March 16, 2012

Will 2012 be the Year of the Influencer?


Understand your impact in social media with influence metrics

Guest post by Louise Sinnerton
Marketing executive, PeerIndex

How to get rewarded for your influence and online persona may seem like a complex question. Wouldn’t it be novel if you could benefit from your digital footprint? So many companies mine for the information you publish on the web for their own gains without informing you about how they’re using it.

A person’s digital footprint can make them more successful, profitable, and competitive, if they fully understand it and how to leverage its power. Understanding the areas you are most influential in, who listens to you the most and who influences you online could affect how you blog or run a business. Influence metrics give you a greater understanding of your impact in social media.

It’s also useful to see these statistics for your competitors, whether you’re running the communications department for a large corporation or you’re a niche cooking blogger — influence statistics can give you an insight into the online profile and activity of others. For example, with this group of UK supermarkets, you can see that Sainsbury’s and Marks and Spencer are the most engaged and influential online.

(Update: PeerIndex has changed its API.)

Topic influence lets marketers achieve word of mouth at scale

Last year was the year of the everyman, with ordinary people propagating change using social networks, but this year is about identifying influencers. It’s all about being able to distinguish whose voice you really want to be listening to among the masses, at the same time as letting others know where your expertise and influence lies. Seeing influence across topic areas puts influence into context. This “contextual influence” or “topic influence” also enables marketers to achieve authentic word of mouth at scale.

So, we’re trying to give people a simple answer to how they can understand and gain from their online profile, and in doing so bringing influence marketing to the masses.

We believe that you should be the one benefiting from your personal data, rather than, or at the very least at the same time as, giant multinationals. Companies are already using your data to make themselves more profitable and competitive in the marketplace, so doesn’t it make sense that you should profit from it too? PeerPerks is our newly launched program that rewards consumers for being social by pairing users with companies to bring you exclusive offers.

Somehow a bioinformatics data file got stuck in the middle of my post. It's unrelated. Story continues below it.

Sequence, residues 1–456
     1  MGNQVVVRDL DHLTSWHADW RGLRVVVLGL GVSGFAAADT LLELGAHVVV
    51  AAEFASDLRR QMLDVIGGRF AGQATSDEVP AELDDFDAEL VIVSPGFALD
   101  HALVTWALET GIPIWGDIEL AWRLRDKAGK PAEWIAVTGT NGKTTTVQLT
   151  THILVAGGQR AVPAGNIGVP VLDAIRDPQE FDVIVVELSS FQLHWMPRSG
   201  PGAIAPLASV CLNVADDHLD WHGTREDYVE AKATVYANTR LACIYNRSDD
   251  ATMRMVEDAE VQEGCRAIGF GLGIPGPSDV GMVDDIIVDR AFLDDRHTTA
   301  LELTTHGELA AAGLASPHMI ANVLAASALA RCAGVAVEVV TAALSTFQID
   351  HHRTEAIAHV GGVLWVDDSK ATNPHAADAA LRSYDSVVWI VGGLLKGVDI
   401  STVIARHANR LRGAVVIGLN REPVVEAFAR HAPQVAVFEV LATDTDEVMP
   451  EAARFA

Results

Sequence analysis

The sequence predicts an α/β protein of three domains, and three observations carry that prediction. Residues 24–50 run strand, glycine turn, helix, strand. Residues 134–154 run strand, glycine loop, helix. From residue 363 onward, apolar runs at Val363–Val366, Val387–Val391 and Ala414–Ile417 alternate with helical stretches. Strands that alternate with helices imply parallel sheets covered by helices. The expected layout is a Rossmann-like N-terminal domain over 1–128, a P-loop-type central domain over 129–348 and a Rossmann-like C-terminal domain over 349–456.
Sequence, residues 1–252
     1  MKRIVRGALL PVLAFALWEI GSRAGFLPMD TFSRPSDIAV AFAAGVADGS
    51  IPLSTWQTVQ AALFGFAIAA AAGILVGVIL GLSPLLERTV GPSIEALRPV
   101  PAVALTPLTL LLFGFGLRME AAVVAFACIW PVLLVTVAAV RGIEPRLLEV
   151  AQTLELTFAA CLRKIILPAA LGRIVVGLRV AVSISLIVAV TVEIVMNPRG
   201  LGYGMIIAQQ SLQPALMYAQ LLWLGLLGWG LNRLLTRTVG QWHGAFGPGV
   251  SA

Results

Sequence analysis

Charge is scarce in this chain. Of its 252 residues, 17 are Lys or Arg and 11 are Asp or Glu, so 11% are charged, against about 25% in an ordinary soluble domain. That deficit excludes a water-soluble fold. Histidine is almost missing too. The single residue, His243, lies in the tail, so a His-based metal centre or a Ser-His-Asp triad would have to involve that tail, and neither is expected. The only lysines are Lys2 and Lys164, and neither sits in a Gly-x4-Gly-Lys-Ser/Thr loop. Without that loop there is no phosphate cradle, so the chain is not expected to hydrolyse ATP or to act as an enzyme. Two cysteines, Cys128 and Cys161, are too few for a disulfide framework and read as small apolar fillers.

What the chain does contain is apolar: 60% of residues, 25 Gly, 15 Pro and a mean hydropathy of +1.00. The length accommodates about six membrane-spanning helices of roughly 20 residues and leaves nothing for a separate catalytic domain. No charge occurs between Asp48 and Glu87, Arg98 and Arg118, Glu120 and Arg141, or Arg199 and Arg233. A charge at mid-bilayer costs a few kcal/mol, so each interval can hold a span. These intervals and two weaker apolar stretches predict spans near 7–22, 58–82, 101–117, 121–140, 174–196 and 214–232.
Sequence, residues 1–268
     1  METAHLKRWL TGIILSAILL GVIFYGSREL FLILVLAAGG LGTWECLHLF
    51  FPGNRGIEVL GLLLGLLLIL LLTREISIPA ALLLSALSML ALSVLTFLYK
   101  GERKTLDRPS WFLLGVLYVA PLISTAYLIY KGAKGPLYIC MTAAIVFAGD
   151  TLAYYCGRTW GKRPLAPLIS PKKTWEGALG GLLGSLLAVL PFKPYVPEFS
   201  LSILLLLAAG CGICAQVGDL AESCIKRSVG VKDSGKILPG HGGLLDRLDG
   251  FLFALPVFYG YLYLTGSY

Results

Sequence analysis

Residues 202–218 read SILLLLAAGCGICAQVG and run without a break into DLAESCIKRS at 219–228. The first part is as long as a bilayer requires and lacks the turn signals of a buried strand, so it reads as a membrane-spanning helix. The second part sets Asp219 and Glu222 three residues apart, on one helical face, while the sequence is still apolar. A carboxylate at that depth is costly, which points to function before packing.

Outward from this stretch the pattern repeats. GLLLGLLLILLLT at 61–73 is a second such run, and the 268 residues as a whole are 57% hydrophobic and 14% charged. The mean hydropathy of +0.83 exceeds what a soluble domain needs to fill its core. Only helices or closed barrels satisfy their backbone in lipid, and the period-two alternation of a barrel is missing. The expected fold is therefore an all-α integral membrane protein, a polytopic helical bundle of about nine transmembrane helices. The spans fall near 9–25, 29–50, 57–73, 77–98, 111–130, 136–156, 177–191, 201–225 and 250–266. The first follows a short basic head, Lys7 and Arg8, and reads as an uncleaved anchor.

If you’re more data-oriented, we’ve also just launched a new version of PeerIndex, which gives you powerful analytics and data about your Twitter and Facebook activity. It focuses on the influence you exert over others and what type of conversations you are engaging in.

Louise Sinnerton is marketing executive at UK-based PeerIndex. Follow her on Twitter at @lsinnerton and follow PeerIndex at @peerindex.
February 18, 2011

Taking 50 million as seriously as one WSJ reporter

Chris AbrahamI must admit right away that I am a disciple of the seminal book on the Internet revolution and what it means for business, The Cluetrain Manifesto.

The main premise of the manifesto is that markets are conversations and that no matter how ardent and impassioned the man at the lectern may be, the audience now has the power, through the Internet, to compare notes real-time, to heckle and critique without being shushed.

When this was written, there was neither Twitter nor Facebook—and the blog was still in its infancy.

I have been collecting all sort of quotes that I have been wanting to address and believe that I can write 95 posts just based on the Cluetrain’s 95 Theses, but for today I will just focus on number 83: We want you to take 50 million of us as seriously as you take one reporter from The Wall Street Journal.

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